NOx emission and emission ceiling

The NOx Agreement 2018-2025 assumes that the business organisations must ensure that the total emissions of NOx over periods of two years does not exceed an emission ceiling.

The figure below illustrates historical and estimated emissions related to the emission ceiling from the NOx Agreement 2018-2025.
Total permitted emissions in 2018 and 2019 (in the NOx Agreement 2018-2025) is 202 500 tonnes of NOx. Reported emissions to the NOx Fund were 197 800 tonnes. Divided between the two years, 100 900 tonnes were released in 2018 and 96 900 tonnes in 2019. Emissions in 2019 were approx. 4 000 tonnes lower than in 2018. This reduction fits well with the completed emission reduction measures in the NOx Fund portfolio the last 2 years.

Of the reported emissions in 2018 and 2019, 44% derives from petroleum activities on the shelf, 33% from shipping, 15.5% from the agricultural industry, 5.5% from fishing and 2% from other industries.

The level of emission in 2019 provides the business sectors with a good starting point for managing the emission ceiling for 2020 and 2021 (emission ceiling: 192 500 tonnes NOx for the two-year period, 96 250 ton annual average). With further reductions of approx. 1 000 tonnes by 2020, emissions ceiling for the next two-year period should be achievable. The NOx Fund have enough supported measures in its portfolio, but it requires that the measures are implemented, with the emission-reducing effect they are estimated to have within the stated completion time. New measures with further reductions may be needed.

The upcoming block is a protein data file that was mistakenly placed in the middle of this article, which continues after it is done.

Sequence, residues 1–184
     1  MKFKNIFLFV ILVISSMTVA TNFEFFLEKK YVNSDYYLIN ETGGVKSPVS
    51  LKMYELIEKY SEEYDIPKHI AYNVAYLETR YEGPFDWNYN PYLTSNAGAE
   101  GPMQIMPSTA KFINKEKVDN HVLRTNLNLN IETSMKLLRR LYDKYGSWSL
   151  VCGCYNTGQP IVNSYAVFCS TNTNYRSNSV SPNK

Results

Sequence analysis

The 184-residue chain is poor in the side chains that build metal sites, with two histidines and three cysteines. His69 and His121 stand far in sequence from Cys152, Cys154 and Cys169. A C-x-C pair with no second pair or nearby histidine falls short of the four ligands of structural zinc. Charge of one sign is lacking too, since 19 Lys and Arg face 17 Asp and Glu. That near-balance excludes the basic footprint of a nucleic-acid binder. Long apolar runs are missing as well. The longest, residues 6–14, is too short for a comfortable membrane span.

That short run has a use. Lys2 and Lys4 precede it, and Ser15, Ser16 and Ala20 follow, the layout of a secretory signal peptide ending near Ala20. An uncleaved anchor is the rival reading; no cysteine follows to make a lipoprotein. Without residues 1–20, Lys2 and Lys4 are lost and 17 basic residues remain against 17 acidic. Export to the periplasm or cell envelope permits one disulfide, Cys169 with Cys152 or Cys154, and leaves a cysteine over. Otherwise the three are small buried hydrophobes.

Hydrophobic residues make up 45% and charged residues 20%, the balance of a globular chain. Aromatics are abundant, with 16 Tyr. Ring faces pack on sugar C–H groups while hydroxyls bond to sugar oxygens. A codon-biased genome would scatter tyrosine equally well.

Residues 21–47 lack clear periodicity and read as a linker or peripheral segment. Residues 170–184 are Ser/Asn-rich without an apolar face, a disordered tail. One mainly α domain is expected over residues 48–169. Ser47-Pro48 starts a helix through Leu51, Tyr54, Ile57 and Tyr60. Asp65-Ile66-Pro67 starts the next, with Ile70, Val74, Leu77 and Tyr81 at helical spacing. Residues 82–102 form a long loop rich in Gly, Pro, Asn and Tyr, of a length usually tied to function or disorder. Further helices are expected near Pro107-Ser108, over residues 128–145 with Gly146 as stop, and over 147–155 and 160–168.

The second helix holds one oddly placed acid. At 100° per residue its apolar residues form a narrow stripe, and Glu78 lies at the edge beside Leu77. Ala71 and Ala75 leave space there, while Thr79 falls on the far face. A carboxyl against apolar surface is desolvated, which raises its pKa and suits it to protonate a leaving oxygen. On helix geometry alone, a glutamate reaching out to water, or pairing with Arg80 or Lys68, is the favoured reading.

In the longer term (2022-2025), further NOx-reducing measures are still needed to meet the emission ceiling. The emission ceiling is reduced by an average of 2 500 tonnes per year.
The two-year targets for 2022 and 2023 and for 2024 and 2025 are nonetheless considered to be achievable as the NOx Fund continuously works with the affiliated companies and business interest organisations. Funding are still available for new low emission measures.
The main challenge for the NOx Agreement is currently increased emissions as a result of rapid industrial expansions, which is not considered in the NOx Fund's emission predictions.
It is primarily industries with large NOx-intensive emission units which can produce such effects. Cruise ships and offshore rigs without significant NOx measures are examples. The NOx Fund is working to ensure a robust portfolio of concrete emission reduction measures that makes it possible to absorb these challenges within the emission ceilings.

Please note that figures and assessments above are subject to changes in historically reported emissions from the companies, and deviations from reported figures to the authorities. Such changes occur but are rarely of critical magnitude.

This information is updated after each quarterly reporting of NOx emissions to the NOx Fund.